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Ananta Vasudeva Temple is a Hindu temple dedicated to Lord Krishna, an avatar of Lord Vishnu located in Bhubaneswar, the state capital of Odisha, India.[1] The temple was constructed in the thirteenth century, and the complete murties of Krishna, Balarama and Subhadra are worshipped there. Balarama stands under a seven hooded serpent, Subhadra holds Jewels pot and lotus in her two hands keeping her left foot over another jewel pot, while Krishna holds a mace, chakra, lotus and a conch. The temple dates back to the period of Chandrika Devi, the daughter of Anangabhima III, during the reign of the king Bhanudeva.

Ananta Vasudeva Temple
Ananta Vasudev.jpg
Varaha parswadebata at Ananta Basudeba Temple, Bhubaneswar.jpg
Ananta Vasudeva temple.jpg
The Ananta Vasudeva Temple
Religion
AffiliationHinduism
DistrictKhurda
DeityAnanta Vasudeva(Krishna)
Location
LocationBhubaneswar
StateOdisha
CountryIndia
Ananta Vasudeva Temple is located in Odisha
Ananta Vasudeva Temple
Location in Odisha
Geographic coordinates20°14′26.18″N 85°50′8.81″E / 20.2406056°N 85.8357806°E / 20.2406056; 85.8357806Coordinates: 20°14′26.18″N 85°50′8.81″E / 20.2406056°N 85.8357806°E / 20.2406056; 85.8357806
Architecture
Completed13th Century

Contents

LegendEdit

It appears that the original image of Vishnu was worshipped on the spot where the great temple of Ananta Vasudeva was built in the 13th century A.D. Thus in the 13th century, Queen Chandrika of Eastern Ganga dynasty was prompted to construct a new temple - the temple of Ananta Vasudeva in this place. There must have been an old temple where this Vishnu image was installed. The Marathas, who extended their empire up to river Mahanadi, were responsible for renovating the Vishnu temple at Bhubaneswar in the late 17th Century.[2]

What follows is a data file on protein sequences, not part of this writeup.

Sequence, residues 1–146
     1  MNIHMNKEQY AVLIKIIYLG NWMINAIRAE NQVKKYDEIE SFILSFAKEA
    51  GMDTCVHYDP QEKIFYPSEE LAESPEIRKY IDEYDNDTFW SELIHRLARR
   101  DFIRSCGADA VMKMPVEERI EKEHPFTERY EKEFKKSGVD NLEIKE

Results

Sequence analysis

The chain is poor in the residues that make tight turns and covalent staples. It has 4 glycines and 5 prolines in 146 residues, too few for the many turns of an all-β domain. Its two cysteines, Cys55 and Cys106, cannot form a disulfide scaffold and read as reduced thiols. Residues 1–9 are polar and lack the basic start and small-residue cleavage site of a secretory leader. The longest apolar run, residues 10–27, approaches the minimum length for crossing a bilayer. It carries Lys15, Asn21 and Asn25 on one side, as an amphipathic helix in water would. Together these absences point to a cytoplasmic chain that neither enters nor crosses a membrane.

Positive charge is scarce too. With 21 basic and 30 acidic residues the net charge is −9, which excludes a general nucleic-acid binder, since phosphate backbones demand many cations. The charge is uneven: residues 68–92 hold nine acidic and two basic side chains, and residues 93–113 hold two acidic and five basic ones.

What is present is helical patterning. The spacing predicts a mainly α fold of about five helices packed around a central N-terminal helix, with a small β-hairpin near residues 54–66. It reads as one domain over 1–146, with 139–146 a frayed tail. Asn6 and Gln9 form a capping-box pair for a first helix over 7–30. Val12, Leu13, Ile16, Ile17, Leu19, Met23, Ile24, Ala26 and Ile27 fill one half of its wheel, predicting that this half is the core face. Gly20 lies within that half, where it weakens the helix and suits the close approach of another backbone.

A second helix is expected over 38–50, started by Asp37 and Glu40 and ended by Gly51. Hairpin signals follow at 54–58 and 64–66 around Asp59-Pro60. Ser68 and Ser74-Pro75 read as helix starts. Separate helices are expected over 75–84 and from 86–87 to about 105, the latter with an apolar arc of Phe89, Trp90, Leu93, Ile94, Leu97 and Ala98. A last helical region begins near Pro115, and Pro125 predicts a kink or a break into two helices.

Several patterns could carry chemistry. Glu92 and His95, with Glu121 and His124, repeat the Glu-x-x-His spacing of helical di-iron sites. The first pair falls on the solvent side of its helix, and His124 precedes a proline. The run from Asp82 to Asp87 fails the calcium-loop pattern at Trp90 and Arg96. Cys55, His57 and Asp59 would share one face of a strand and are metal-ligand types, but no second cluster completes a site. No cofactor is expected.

ArchitectureEdit

In form, the temple resembles the Lingaraj temple, but includes vaishnavite (Lord Vishnu related) sculptures.[3] The temple has longitudinal bands of miniature shikharas (shrines), exactly like those in Lingaraj temple, with the minor difference that the number of the shikharas forming one longitudinal band in its case is only three.[4] The sculpture in the exterior walls varies in character in each temple in Bhubaneswar. Most of the female sculptures in the temple walls are overly ornamanted and lack originality[5]

Difference from Jagannath Temple, PuriEdit

The idols found in the garbhagrha (sanctum sanctorum) of the temple have complete structure unlike the images of the Jagannath Temple, Puri. Here the shrimurtis (idols) are made of black granite stone, rather than wood, as seen in the Puri temple. For this temple only the city gains its name as Chakra kshetra (circular place), whereas Puri is named Shankha kshetra (curved place).

GalleryEdit

ReferencesEdit

  1. ^ Ghurye, G.S. (2005). Rajput Architecture. Popular Prakashan. p. 91. ISBN 81-7154-446-0.
  2. ^ Tāntric art of Orissa .P.126.Jitāmitra Prasāda Siṃhadeba.
  3. ^ Hinduism and the Religious Arts .p.149. Heather Elgood
  4. ^ Rajput Architecture .p.126.G.S. Ghurye
  5. ^ World heritage monuments and related edifices in India P.186.ʻAlī Jāvīd, Tabassum Javeed.

6 ^ Ananta Vasudeva Temple Bhubaneswar